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Lind on Measuring Benefits © Allen C. Goodman, 2009

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Suppose We have 2 types of land, half polluted (p), half not (u). P p = 100; P u = 200 If a program of air pollution control equalizes productivity everywhere, rent may end up at 150. If so total property values remain same. Does this mean there were no benefits?

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Diagram PpPp PuPu

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Analysis Assume class of programs w/ output specific to particular locations. How do we measure benefits? Two major findings –Benefits of a project can be approximating by measuring net increase in profits of activities located on land directly affected by project. –W/ zero profits, total change in productivity equals change in land values.

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Analysis a ij = maximum rent individual i would pay for parcel j. Alternatively: a ij = Net earnings of firm i at parcel j exclusive of land cost. n activities, n parcels p j = rental value of parcel j. Activity locates at parcel j ONLY IF: (2.3) a ij p j AND (2.4) a ij - p j a ik - p k p j, a ij pjpj

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Analysis Define consumer surplus (or profit) as s ij. s ij a ij – p j. SO, the total benefit from land is (2.5) a ij = s ij + p j Land is ENHANCED if there is some a ij > a ij for some parcels, and a ij = ij for the rest. Let: A = a jj (2.7) A a j (j) (2.8) A a j (j) - a j j p j, a ij s ij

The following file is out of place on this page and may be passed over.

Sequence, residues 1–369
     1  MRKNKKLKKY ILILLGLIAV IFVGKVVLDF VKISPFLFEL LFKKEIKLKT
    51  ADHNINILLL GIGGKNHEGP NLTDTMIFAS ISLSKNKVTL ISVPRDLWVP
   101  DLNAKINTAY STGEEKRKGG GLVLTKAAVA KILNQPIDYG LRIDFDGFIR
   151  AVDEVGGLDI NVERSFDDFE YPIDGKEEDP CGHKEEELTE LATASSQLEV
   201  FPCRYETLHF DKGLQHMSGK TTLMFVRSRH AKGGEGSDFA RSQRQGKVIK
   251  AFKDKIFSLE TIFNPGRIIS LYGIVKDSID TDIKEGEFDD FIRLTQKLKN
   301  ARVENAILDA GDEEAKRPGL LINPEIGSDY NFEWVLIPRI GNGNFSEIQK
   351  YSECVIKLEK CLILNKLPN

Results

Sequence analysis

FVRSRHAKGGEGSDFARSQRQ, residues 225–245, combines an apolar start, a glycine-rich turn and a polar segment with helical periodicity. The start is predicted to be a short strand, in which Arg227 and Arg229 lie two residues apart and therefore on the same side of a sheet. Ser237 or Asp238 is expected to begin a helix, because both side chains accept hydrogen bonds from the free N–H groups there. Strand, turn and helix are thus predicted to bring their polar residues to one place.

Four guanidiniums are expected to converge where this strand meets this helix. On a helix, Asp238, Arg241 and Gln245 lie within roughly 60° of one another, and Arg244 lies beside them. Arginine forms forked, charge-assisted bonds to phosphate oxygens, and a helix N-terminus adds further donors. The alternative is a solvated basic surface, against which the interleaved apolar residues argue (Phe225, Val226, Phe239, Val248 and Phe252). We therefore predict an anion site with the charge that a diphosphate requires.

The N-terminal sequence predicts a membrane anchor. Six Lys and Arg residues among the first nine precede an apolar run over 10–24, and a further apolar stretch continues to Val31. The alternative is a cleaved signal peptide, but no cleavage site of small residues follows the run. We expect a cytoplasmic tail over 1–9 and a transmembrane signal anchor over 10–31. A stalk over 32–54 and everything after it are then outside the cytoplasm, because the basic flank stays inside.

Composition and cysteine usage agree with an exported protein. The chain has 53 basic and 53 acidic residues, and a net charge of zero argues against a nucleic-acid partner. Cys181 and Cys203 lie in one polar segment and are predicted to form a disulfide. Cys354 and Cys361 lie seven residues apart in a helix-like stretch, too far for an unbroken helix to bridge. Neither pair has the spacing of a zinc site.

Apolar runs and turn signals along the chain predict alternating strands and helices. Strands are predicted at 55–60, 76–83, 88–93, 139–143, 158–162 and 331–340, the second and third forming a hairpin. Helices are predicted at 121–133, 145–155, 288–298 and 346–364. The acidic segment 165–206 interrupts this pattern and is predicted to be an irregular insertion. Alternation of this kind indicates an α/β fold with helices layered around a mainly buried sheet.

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Analysis (2.5) a ij = s ij + p j Let: A = a jj (2.7) A a j (j) (2.8) A a j (j) - a j j From (2.5) (2.9) A s j (j) - s j j ) + p j - p j ) What does this mean? Change in total land values = change in productivity ONLY if surplus terms = 0, or surplus terms don’t change! Essentially an open city argument.

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Benefit Measurement Lind shows that any cycle of relocation NOT involving a parcel of land affected by the project will leave net productivity unchanged. We need to consider ONLY parcels that are directly affected, where land is improved. Benefits can be measured by considering in surplus of those activities alone that move onto improved land.

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Suppose we have 3 unimproved parcels in productivity = [a 12 – a 11 ] + [a 23 – a 22 ] + [a 31 – a 33 ] Since there is no improvement, in productivity = [a 12 – a 11 ] + [a 23 – a 22 ] + [a 31 – a 33 ] From the equilibrium conditions: (2.3) a ij p j AND (2.4) a ij - p j a ik - p k [a jj+1 – a jj ] p j+1 – p j AND [a g1 – p 1 ] [a gg – p g ] New rents

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Suppose we have 3 unimproved parcels [a jj+1 – a jj ] p j+1 – p j AND [a g1 – p 1 ] [a gg – p g ] ALSO [a jj+1 – a jj ] p j+1 – p j AND [a g1 – p 1 ] [a gg – p g ] New rents Old rents

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Suppose we have 3 unimproved parcels a 12 – a 11 p 2 – p 1 a 23 – a 22 p 3 – p 2 a 31 – a 33 p 1 – p’ 3 Sum 0 New rents Old rents a 12 – a 11 p 2 – p 1 a 23 – a 22 p 3 – p 2 a 31 – a 33 p 1 – p 3 Sum 0 Benefits must equal 0!

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Let’s improve a parcel (#1) D = Benefits. Assume activity 1 moves to parcel 2, activity 2 to parcel 3, etc. With no improvement on parcels 2 through g: p j, a ij “Winning” a ij changes; Eq’m rent p j changes.